Friday, February 27, 2009

Mary Shomon, and the Medical Review Board of, on their Opinion on the Top Thyroid Websites: Pros and Cons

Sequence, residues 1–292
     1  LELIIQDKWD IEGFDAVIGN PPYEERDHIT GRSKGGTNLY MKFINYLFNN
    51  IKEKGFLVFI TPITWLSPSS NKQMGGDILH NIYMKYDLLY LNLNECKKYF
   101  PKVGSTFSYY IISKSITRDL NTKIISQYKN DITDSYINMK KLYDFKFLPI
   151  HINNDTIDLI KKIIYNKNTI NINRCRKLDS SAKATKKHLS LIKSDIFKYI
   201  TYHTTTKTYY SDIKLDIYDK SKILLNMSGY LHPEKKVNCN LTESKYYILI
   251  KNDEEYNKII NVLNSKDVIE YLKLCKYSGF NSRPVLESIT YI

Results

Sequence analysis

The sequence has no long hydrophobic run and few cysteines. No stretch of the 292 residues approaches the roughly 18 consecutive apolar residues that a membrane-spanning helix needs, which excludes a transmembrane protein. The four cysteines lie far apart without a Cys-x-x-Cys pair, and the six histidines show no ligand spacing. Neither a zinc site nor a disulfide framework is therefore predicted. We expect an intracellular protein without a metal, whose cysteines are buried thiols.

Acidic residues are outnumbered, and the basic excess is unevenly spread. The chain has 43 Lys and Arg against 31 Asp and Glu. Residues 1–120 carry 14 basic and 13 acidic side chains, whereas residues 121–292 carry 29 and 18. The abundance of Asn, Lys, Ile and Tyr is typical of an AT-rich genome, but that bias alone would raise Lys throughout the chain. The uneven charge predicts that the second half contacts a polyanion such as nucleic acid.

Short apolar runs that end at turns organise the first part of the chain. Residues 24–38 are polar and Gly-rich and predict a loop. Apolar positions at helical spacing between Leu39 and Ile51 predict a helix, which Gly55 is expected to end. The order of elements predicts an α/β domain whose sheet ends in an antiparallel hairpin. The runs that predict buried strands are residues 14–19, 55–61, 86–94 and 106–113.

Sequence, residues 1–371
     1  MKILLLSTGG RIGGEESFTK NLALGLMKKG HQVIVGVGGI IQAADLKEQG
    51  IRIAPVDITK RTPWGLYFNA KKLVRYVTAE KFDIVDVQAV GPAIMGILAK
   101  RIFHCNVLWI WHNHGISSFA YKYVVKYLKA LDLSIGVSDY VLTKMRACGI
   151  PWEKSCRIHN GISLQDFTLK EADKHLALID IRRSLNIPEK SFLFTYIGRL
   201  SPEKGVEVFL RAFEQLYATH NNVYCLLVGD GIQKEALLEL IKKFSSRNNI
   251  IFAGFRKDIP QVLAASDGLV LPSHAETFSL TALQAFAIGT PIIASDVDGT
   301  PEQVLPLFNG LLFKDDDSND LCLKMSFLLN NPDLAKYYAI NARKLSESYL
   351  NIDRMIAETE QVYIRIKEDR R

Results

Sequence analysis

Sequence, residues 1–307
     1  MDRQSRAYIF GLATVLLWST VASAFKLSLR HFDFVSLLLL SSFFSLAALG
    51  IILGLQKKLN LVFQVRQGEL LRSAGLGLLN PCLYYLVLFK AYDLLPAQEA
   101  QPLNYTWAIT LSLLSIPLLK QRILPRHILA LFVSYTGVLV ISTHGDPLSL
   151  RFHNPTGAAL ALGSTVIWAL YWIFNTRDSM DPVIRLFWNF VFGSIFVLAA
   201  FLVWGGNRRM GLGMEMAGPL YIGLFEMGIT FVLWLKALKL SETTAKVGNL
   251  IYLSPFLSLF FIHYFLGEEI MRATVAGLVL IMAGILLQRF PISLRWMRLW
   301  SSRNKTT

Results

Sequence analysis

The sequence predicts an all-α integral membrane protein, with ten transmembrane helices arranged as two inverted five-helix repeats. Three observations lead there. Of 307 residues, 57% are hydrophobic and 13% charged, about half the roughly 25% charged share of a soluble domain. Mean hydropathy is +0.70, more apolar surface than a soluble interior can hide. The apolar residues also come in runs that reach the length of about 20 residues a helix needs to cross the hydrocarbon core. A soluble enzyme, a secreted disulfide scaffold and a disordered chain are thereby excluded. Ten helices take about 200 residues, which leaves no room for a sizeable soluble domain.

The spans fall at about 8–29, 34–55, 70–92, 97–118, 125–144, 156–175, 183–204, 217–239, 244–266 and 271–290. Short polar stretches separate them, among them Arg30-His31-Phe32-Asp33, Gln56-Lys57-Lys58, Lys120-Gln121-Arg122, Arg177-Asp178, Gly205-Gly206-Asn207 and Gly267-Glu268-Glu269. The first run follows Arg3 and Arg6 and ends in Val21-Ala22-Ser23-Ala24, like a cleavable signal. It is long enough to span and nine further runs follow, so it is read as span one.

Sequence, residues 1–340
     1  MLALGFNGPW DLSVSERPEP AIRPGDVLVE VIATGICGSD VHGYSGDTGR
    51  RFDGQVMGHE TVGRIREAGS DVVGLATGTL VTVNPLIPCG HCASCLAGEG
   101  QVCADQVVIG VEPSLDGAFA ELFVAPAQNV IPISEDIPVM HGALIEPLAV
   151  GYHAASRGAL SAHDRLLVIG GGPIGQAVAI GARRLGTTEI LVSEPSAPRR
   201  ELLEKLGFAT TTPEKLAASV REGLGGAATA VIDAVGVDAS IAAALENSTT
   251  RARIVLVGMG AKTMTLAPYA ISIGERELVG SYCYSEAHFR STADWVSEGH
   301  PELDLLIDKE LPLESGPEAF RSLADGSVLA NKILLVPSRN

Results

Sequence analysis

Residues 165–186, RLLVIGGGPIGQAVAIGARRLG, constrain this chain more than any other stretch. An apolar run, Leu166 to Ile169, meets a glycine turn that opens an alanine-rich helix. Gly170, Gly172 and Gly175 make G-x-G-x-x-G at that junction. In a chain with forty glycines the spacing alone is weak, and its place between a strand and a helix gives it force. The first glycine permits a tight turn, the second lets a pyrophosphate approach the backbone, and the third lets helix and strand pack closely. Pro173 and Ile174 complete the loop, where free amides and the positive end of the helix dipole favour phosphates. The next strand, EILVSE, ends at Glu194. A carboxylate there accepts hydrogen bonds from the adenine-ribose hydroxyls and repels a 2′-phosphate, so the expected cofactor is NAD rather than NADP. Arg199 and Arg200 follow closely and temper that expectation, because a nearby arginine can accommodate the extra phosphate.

The last newsletter from Mary Shomon has her company's opinion on the top thyroid websites. I am honored to be listed alongside the Endocrine Society, and the American Thyroid Association. She has cleverly added a medical review board, since her last top websites list, probably paid by her corporation, which has 12 physicians, who are evaluating the top sites. It should be noted that not a single endocrinologists is on the panel. The way Mary Shomon and her bosses treat top level endocrinologists, as bag men and women for the drug companies, there is no wonder why she can not get a real qualified expert clinical endocrinologist to be on the panel. Headed by an internist, and without a single physician board certification in endocrinology among them, they are asked to judge the top thyroid websites. The last "top" site they reviewed was her own site, That shows the panel's level of objectivity. The panel appears to be just a rubber stamp for all the slanted views presented on their website. What was the review panel doing allowing Mary to blow her own horn, calling it a a top site. Not only did she include on the list of top sites, but plugged her book, Living Well with Hypothyroidism, and even worse plugged another of her books on an unrelated subject. The panel mentioned the slanted, and biased qualities of the other top sites toward evidenced based conventional medicine, because of corporate money funding the sites, but failed to mention that Mary's site was extremely outside the range of objective thyroid medical opinion. There was no mention that this approach was considered by the vast majority of physicians and patients to be beyond any reasonable credible concepts of thyroid patient care. The problem with The American Thyroid Association website, was according to the panel that it was in the pocket of drug companies, that is why they only mentioned mainstream medicine, and did not cater to alternative medicine. Similar knocks on other top thyroid sites, such as the Endocrine Society, were made by the panel. Finally, let me look at the comments made about my site,, which was founded by me personally in 1997. This was the first private thyroid website, and except for a short partnering deal with Amazon, we have never accepted ads. Most endocrinologists and clinical thyroidologists will not waste their breath to respond to things listed on her website as it is considered a "way out" site. Let me take a moment to respond to the inaccurate comments made about my site.